On The Cards
Bearing in mind Facebook’s origin as a college dating website and Mark Zuckerberg’s early ‘Facemash’ program, and the fact that Facebook is known to have been wanting to move into online dating for at least 10 years, this move has been on the cards.
There are several key reasons why Facebook has chosen to actually make the move into the online dating world. These include:
- The need to make people spend longer on the Facebook platform (and not on other platforms). For example, time spent by Facebook users on the platform fell by 50 million hours a day in 2017.
- The need to attract more young people to the platform.
- The commercial attractiveness of the booming and growing dating market.
- The fact that there are 200 million people on Facebook that list themselves as single.
- The fact that Facebook already holds many facets of information about users that could be used for matching and dating purposes e.g. interests, local events they could attend.
How Will It Work?
The proposed platform is an optional feature that users will be able to use by clicking on a heart shape at the top-right corner of the Facebook app, and setting up a dating profile. The profile will be based on a first name, won’t be visible to friends and users who aren’t on the dating feature, and won’t show up in the News Feed.
Once set up, users can browse events in their local and groups that match their interests, select ‘unlock’ for dating, and then be able to see the profiles of other potential dates who have unlocked that surface. These profiles will show a few photos plus some basic information about potential dates.
The system will not work using the “swipe” left or right on potential matches like Tinder, but there will be two buttons for “pass” and “interested.”
Users will be able to start a conversation with a potential match by commenting on one of their photos, but the conversations will be text-only, thereby eliminating the risk of unsolicited nude photos being sent. Conversations will take place in a special inbox that’s separate from Messenger and WhatsApp.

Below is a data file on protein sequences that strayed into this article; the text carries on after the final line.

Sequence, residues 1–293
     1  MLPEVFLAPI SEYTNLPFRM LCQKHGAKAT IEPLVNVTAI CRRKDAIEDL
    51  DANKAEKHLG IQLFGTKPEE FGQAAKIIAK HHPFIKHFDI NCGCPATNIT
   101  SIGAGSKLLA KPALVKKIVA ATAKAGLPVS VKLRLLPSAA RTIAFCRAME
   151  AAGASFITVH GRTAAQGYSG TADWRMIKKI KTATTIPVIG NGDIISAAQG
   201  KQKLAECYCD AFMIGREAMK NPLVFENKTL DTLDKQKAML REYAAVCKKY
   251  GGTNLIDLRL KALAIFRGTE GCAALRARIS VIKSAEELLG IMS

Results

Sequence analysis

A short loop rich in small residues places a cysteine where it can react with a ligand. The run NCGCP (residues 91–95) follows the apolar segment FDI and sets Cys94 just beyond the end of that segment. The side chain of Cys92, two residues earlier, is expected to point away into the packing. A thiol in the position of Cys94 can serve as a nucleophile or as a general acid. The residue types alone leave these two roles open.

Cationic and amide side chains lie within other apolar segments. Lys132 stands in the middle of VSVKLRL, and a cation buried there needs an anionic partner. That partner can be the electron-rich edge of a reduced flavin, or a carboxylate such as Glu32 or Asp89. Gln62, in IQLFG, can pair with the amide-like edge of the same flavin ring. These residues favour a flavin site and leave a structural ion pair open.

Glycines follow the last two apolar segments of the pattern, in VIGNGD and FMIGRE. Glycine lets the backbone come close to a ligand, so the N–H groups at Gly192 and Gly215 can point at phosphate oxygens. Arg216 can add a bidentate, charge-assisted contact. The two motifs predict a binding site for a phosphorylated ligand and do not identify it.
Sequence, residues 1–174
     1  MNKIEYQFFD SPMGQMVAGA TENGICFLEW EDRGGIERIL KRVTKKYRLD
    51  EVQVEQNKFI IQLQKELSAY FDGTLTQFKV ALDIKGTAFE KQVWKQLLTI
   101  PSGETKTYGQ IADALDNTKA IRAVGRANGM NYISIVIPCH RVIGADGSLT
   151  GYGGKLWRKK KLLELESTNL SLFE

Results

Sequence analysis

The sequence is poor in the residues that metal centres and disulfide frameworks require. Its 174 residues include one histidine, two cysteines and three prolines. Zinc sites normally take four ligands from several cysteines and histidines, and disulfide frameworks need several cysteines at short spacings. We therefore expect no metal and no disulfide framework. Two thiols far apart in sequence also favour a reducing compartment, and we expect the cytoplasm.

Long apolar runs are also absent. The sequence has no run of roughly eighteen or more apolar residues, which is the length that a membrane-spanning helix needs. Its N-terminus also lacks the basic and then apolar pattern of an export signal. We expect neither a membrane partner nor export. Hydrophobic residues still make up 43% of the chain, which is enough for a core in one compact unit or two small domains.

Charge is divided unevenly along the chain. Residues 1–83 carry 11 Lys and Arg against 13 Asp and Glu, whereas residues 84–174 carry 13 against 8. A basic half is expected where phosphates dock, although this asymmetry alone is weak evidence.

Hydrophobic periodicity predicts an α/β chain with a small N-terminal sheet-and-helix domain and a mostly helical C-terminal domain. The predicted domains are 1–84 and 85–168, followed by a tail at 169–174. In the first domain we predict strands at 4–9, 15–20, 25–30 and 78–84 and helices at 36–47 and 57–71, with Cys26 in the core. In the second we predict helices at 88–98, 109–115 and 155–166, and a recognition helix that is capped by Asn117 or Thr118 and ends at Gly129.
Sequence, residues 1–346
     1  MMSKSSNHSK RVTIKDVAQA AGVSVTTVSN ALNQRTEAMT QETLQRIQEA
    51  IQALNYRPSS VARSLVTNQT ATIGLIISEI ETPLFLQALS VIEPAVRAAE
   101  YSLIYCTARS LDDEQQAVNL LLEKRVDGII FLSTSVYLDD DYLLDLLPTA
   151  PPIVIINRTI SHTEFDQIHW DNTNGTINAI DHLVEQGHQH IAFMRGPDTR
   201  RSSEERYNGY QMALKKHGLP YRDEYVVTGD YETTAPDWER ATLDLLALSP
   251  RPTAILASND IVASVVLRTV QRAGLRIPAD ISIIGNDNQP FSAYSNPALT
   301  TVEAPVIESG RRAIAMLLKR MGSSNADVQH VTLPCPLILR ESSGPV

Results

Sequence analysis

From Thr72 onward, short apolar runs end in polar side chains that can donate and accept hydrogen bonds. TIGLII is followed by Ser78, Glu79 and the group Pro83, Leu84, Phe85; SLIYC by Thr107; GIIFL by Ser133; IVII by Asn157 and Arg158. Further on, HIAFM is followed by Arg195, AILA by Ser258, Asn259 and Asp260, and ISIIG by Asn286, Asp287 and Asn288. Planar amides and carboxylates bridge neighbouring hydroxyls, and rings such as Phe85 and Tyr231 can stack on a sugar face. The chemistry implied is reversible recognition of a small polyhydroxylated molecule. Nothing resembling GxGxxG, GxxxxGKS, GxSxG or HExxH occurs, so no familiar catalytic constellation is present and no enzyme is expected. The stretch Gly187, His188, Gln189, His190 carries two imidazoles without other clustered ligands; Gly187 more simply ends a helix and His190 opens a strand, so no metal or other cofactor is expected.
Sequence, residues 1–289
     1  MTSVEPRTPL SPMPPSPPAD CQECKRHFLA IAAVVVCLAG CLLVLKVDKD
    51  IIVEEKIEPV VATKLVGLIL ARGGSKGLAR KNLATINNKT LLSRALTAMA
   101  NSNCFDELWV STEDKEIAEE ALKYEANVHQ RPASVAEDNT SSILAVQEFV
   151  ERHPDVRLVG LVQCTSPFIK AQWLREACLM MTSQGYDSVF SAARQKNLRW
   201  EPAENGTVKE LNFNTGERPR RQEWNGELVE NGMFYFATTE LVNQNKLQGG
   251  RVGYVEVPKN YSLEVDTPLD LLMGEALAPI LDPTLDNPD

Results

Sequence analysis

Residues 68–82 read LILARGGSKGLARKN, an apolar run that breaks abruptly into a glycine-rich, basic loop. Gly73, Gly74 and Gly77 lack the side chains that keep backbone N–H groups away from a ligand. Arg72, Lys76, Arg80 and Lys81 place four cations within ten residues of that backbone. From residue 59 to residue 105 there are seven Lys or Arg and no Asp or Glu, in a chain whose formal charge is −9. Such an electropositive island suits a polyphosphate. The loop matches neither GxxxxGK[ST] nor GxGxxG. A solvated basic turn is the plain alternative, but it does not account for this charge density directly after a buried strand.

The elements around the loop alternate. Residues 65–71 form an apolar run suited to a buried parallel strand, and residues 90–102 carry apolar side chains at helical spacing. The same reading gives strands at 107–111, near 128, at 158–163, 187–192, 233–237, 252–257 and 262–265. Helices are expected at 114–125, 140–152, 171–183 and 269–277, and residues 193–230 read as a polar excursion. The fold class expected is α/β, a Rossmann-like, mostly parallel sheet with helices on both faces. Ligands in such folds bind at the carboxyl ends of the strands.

In the wake of the Facebook and Cambridge Analytica scandal, Facebook has been quick to stress that the service has been built and will operate with an emphasis on privacy.
Not Just Hook-Ups
Facebook has also said that the new dating service is intended to be a standalone feature that will focus on legitimate long-term relationships, rather than just hook-ups. There are already many stories of couples who have met via the normal Facebook platform.
Dating Service Competitors – Stock Value Falls
Shortly after Mark Zuckerberg announced the move into the dating arena, and even though Match Group CEO Mandy Ginsberg said that she was flattered by Facebook’s entrance into its space, Match’s stock traded down about 22%. Match is the owner of mobile dating apps Tinder and OkCupid and describes itself (on its website) as the “global leader” in online dating.
What Does This Mean For Your Business?
If it wasn’t for the recent scandal about data sharing with Cambridge Analytica and the lack of trust that it has created, Facebook would be almost perfectly position to seriously and quickly take on the current online dating giants such as Match. It remains to be seen, therefore, how quickly Facebook users forget or are willing to throw caution to the wind with the promise of powerful motivators and positive reinforcement in the form of dates and possibly, a love match.
Some competitors, such as Bumble, have seen Facebook’s move as an opportunity rather than just a threat, and Bumble has reportedly reached out to Facebook to explore ways to collaborate.